The Biggest Little City in Costa Rica?
Jacó needs a moniker. I propose “The Biggest Little City in Costa Rica.”
Really. Jacó’s population is only around 12,000, but the nonstop activity that radiates from this town belies it’s modest population. Due to its proximity to San José – just over an hour drive on Ruta 27 – city dwellers flood this once-sleepy beach town on weekends and holidays. This ease of access also makes Jacó an easy stop for travelers exploring Costa Rica. The result is a 24/7 city that, with the exception of the capital, doesn’t exist anywhere else in Costa Rica.
In the wee hours of the morning, you can still dance in a disco, get a cold beverage, grab some tacos, or even pick up a gallon of milk at a bodega (called pulpería locally). There are restaurants galore, from inexpensive lunch counters to gourmet culinary experiences. Lodging options run the gamut as well, from hostels to internationally renowned resorts. You’ll even see mini skyscrapers there. It’s all new and exciting.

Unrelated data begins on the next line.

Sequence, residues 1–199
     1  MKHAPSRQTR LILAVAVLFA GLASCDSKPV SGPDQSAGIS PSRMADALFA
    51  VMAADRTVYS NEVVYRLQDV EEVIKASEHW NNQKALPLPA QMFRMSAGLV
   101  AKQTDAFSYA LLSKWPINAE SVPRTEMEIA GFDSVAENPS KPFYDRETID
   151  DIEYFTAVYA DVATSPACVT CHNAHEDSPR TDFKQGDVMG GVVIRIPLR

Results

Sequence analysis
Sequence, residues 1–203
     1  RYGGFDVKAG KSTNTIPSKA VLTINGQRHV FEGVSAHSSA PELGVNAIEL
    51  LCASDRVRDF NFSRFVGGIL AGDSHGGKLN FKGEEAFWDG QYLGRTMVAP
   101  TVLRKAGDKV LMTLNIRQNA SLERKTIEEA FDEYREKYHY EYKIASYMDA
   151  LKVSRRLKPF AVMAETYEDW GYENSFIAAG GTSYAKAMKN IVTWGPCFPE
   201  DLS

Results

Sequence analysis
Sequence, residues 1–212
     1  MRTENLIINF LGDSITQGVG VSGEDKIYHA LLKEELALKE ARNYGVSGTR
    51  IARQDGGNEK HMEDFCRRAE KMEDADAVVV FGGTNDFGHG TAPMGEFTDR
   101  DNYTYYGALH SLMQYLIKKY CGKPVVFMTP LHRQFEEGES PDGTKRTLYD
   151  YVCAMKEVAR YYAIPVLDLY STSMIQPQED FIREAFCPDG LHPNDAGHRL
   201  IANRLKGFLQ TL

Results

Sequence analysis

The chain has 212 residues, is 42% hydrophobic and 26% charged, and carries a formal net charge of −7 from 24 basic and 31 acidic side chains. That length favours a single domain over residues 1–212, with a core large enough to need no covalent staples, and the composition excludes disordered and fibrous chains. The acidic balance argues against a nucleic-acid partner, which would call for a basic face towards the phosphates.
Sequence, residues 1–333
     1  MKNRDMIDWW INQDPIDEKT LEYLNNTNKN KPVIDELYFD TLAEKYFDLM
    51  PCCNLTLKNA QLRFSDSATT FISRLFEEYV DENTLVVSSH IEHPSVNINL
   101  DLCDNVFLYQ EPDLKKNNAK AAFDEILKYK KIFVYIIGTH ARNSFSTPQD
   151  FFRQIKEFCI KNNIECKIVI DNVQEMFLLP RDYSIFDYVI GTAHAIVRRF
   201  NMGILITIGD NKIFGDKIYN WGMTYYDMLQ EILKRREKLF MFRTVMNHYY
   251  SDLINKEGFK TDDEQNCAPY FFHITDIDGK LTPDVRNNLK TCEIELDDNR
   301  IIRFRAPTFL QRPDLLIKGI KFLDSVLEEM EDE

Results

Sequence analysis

“Until the early 1980s,” says the photographer Andrés Madrigal, “a trip to Jacó would take four hours in a 4×4 eating dust for more than three-fourths of the journey. Along the way, you had to cross the Tárcoles River on a flimsy four-car barca [small wooden river ferry]. But once you got there, it was paradise: a pristine, nearly deserted beach, a few cabinas, one small hotel, a couple of pulperías, and a few locals. On a one-week trip, my family would carry everything for the trip: food, gas lamps, ice, and so forth. We got fresh water from a well with a manual pump.”
The beach remains the main attraction. It’s a long, flat crescent that has sections that are great for swimming and surfing. For expert surfers, ten-minute drive south to Playa Hermosa a offers the region’s best waves.
Jacó is more than the beach, though. It’s the gateway to the Central Pacific Coast’s wonderful array of activities that bring nature lovers, beach bums, thrill seekers, party animals, and holistic healers together in the same spot – with plenty for each group to do.
All of this activity has helped boost municipal coffers, to the point that this once-sleepy fishing village boasts a theater, movie theater, fire station, clinic, and civic center. These are the trappings of city life.
Throughout this week, we’ll explore some of this region’s hot spots, hidden gems, and can’t-miss activities. Tomorrow we’ll look into the mountains surrounding Jacó.
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